- The Washington Times - Saturday, January 15, 2005

PARK CITY, Utah (AP) — Rescue workers spent all day yesterday digging through a massive snow pile but found no traces of five persons feared dead in an avalanche 300 yards wide and 500 yards long that cascaded down a Utah mountainside on Friday.

Exactly how many skiers were buried in the snow slide remained unclear late yesterday as the search was winding down.

In a separate disaster in California, thousands of Corona residents in the path of a leaky dam were urged to stay away from their homes until tomorrow.

In Utah, six crews and rescue dogs poked the snow, up to 30 feet deep in some areas outside the boundary of the Canyons resort on federal land in the Wasatch-Cache National Forest.

Summit County Sheriff Dave Edmunds said officials were still trying to match eyewitness accounts to a list of skiers who were thought to be in the area when the avalanche happened.

Sheriff’s Capt. Alan Siddoway said officials knew of five persons who were missing when the search resumed yesterday morning.

As of late yesterday, searchers had confirmed the identity of only one victim, a Montana man in his 20s whose name was not released.

The area where the avalanche occurred was marked with a skull and crossbones to discourage thrill-seekers. Skier Jess Fleig, a 35-year-old disc jockey, said he frequents the backcountry but stayed away from that area Friday.

“What immediately came to mind is that’s trouble waiting to happen,” Mr. Fleig said.

In California, seepage through the Prado Dam had stopped, but most residents of Corona remained out of their homes in a voluntary, precautionary evacuation.

Although a mandatory evacuation was canceled, people were urged to remain away from homes and a mobile home park until tomorrow afternoon while the U.S. Army Corps of Engineers releases millions of gallons of water to relieve pressure on the 64-year-old dam.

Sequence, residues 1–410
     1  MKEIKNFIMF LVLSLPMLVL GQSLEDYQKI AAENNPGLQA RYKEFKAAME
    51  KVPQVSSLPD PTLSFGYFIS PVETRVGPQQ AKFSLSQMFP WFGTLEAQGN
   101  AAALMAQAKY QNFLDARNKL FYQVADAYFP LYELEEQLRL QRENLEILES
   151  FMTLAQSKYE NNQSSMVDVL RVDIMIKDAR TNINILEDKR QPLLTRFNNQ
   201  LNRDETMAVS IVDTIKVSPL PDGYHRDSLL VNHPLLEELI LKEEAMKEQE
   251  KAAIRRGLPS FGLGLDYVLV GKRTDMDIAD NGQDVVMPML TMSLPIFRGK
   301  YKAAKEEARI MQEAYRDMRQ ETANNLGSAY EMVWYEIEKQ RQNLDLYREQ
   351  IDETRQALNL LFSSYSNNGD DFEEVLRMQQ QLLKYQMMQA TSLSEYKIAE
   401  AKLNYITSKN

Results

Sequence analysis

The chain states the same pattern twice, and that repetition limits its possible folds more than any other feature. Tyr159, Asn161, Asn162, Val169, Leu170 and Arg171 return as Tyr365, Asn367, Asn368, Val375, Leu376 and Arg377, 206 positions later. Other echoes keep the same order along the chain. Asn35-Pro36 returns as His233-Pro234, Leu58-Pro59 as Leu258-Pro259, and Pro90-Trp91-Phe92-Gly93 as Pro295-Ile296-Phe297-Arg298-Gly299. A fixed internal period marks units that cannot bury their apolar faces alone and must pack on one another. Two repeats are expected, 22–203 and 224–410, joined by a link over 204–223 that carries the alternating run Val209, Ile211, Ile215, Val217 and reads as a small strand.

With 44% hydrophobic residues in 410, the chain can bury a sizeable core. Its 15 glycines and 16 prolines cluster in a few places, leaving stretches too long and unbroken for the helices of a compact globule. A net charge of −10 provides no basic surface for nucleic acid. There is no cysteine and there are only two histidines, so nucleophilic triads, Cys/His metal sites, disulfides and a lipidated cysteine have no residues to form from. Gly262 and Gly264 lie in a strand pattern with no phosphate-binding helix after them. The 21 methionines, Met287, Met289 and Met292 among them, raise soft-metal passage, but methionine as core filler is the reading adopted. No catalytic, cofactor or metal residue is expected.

Residents of the area 50 miles southeast of Los Angeles appeared to be heeding the warning.

“It seemed like handfuls were coming in and going out, but it seemed like the vast majority were staying out,” Corona Mayor Darrell Talbert said.

The dam problems followed a series of storms that turned Southern California into one big flood zone. The torrential rain triggered a mudslide in the tiny town of La Conchita that killed 10 persons and damaged several homes. In all, 28 deaths around the state were linked to the storms.

Police evacuated about 2,300 people from Corona on Friday morning after a dramatic increase in the amount of water seeping through the face of a temporary earthen dam at a construction site next to the main dam.

At its height, however, the seepage was only 10 to 20 gallons a minute, said Fred Egeler, a corps spokesman.

“There was never a threat to the dam. It was a minor seepage,” he said. It had “virtually stopped” yesterday.

“Our contractor worked all night placing dirt on the downside face of the dam,” he said. The dirt was reinforced with a fine mesh material.

The corps was releasing 10,000 cubic feet of water every second into the Santa Ana River, or about the amount that would fill a backyard swimming pool. By yesterday morning, the water level in the 1,000-acre reservoir had dropped more than six feet, and Mr. Egeler said the release would continue tomorrow.

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